Date: Fri Oct 16 09:58:58 2009
Author: --- cbettis
Subject: Re: 1/4 wave plates
Thanks, excellent point.
Quoting "Thomas J. Bauer" :
> "non-polarized" lasers should really be called "randomly polarized" .These
> lasers tend to have
> more than one mode which each have a different polarization. As the laser
> cavity expands and
> contracts with temperature changed it will drift between the different
> Imagine a laser with two modes and polarizations at 90 to each other. When
> both modes are equal
> in intensity the laser appears to be non-polarized. 10 minutes later, only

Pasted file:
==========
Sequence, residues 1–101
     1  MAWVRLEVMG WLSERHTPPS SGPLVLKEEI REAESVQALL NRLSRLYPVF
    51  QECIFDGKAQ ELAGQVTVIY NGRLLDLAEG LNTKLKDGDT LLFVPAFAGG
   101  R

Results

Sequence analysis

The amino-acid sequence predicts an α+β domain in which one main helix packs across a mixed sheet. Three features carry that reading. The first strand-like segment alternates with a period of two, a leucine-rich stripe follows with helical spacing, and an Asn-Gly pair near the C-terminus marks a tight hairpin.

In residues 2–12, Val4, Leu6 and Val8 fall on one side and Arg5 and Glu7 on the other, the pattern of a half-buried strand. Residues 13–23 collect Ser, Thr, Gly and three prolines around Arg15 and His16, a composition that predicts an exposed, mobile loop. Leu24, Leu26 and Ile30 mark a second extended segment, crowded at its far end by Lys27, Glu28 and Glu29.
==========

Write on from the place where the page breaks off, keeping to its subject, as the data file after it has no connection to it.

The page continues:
> one of the modes is active and the laser appears totally polarized,....
> I would use a good polarized laser without the first polarizer, however,
> laser intensity typically
> varies by about 5% over times of 10-20 minutes.
> firstname.lastname@example.org writes:
>> If you do buy a spatial filter, you could use it with a red HeNe laser
>> to illuminate your polarizers and 1/4 wave plate. If the wavelength is
>> really what you think it is for the 1/4 wave plate, that ought to work
>> nicely and be very visible although not as handy as an OHP for a
>> source. Make sure your laser isn't polarized.